However, visiting both project areas was not a depressing experience at all. I was so impressed by witnessing and hearing the stories of the brave women, whom, due to the Gono Kendra project, had an opportunity to start moving the wheel of their lives themselves. The stories I was told shook me. Stories of young teenage girls who have been married off at the young ages of 12, 13 and 14 due to immense poverty, with no education and no other possibilities. And now, after some years, being mothers of several children themselves, they have joined the Gono Kendra project, regardless of the family resistance, hoping to improve their own and their families lives. And the great majority of them did improve in a considerably short period of time. They have gained knowledge and new skills: some of them have started their own small tailoring businesses and due to the self-saving program all of the members have saved significant amounts of money which they reinvest or use for family affairs.
This trip has been my inspiration and motivation to join Bandhab because I have seen how much they are in need for assistance in order to be able to change their lives and how grateful, warm and loving they are towards Bandhab organisation.
Besides countless warm smiles full of grateful words, on behalf of Bandhab, we received golden appreciations. Dear members of Bandhab, thank you for supporting the organisation, because it does make a positive difference in the world!
Raminta’s besøg i Bangladesh 2016
I foråret 2016 fik jeg lejlighed til at kombinere min master opgave med en kæmpe rejse oplevelse: Jeg gennemførte en 6-ugers rejse til Bangladesh for at indsamle data om Gono Kendra projektet.
Da projekt områderne ligger i to dele af landet – et i den nordlige og et i den sydlige del, skulle jeg rejse gennem det meste af Bangladesh. På den måde oplevede jeg meget forskellige egne og mødte meget forskellige mennesker.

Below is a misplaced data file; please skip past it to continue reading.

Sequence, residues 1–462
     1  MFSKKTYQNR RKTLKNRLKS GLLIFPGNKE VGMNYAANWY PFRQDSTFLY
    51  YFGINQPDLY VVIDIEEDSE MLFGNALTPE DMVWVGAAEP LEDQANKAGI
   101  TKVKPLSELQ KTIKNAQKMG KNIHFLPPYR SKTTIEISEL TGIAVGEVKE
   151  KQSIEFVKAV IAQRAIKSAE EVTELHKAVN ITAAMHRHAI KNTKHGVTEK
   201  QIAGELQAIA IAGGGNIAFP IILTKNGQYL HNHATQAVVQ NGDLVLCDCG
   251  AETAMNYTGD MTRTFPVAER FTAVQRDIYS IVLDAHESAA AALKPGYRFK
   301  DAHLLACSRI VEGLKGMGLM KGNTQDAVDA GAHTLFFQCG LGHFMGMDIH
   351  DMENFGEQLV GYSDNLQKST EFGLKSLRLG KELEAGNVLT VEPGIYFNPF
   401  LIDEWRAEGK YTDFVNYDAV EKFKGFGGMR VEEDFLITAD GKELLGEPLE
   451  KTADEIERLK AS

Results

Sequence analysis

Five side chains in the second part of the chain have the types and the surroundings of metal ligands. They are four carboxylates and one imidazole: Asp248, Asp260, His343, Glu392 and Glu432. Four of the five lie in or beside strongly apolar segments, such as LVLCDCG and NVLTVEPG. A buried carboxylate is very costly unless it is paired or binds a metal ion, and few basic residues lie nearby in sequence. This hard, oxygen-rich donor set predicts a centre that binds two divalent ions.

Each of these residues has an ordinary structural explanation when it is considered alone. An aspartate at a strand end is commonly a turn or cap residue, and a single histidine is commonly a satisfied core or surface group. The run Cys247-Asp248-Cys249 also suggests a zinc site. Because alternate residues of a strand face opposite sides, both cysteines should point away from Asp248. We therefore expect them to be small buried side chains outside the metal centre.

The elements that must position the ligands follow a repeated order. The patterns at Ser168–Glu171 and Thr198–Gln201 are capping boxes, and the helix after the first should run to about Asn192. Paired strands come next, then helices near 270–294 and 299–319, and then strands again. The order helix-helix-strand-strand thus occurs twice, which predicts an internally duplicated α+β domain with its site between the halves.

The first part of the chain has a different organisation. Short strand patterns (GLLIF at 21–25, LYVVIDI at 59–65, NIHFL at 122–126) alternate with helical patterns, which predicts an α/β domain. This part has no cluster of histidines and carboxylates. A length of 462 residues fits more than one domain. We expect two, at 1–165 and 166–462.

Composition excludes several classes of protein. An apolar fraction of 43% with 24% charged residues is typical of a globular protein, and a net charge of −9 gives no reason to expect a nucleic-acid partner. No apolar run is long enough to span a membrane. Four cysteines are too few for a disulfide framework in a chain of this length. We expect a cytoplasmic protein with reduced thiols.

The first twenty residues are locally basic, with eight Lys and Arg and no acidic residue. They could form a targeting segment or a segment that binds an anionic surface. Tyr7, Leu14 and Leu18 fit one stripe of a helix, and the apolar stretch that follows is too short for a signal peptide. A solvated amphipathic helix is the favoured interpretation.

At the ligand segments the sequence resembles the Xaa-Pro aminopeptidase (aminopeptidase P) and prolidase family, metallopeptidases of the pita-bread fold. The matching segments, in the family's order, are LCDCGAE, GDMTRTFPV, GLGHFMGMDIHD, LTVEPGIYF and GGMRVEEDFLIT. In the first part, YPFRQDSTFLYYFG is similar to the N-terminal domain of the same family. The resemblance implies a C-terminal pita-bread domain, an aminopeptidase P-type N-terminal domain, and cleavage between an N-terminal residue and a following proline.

Først opholdt jeg mig nogle uger i verdens mest overbefolkede, beskidte, forurenede og støjende by: Dhaka. Derfra oplevede jeg kontrasterne, da jeg rejste ud til en afsides liggende landsby, Joypurhat, som er omgivet af grønne rismarker. Derfra tog jeg videre til Bagerhat, hvor jeg for første gang så fiskefarme og mangrove skove.
I begge områder blev jeg overvældet af indtryk af de seje kvinder, der havde fået mulighed for at forbedre deres tilværelse gennem Gono Kendra projektet.
Jeg hørte historier om ganske unge piger, der var blevet bortgiftet i en ung alder og allerede havde fået flere børn. Unge kvinder som ingen uddannelse havde fået og ingen andre muligheder, men nu havde meldt sig til Gono Kendra trods familiens modstand i håb om at kunne forbedre deres tilværelse.
Mange af disse kvinder havde i løbet af kort tid opnået viden og nye færdigheder. Gennem lån i Gono Kendra’ernes opsparings program var de blevet i stand til at starte små forretninger, og dermed at kunne supplere familiens indtægt. Jeg så mange eksempler på, at Gono Kendra projektet havde gjort kvinderne i stand til at få en bedre tilværelse, og jeg oplevede deres varme og taknemmelighed overfor Bandhab.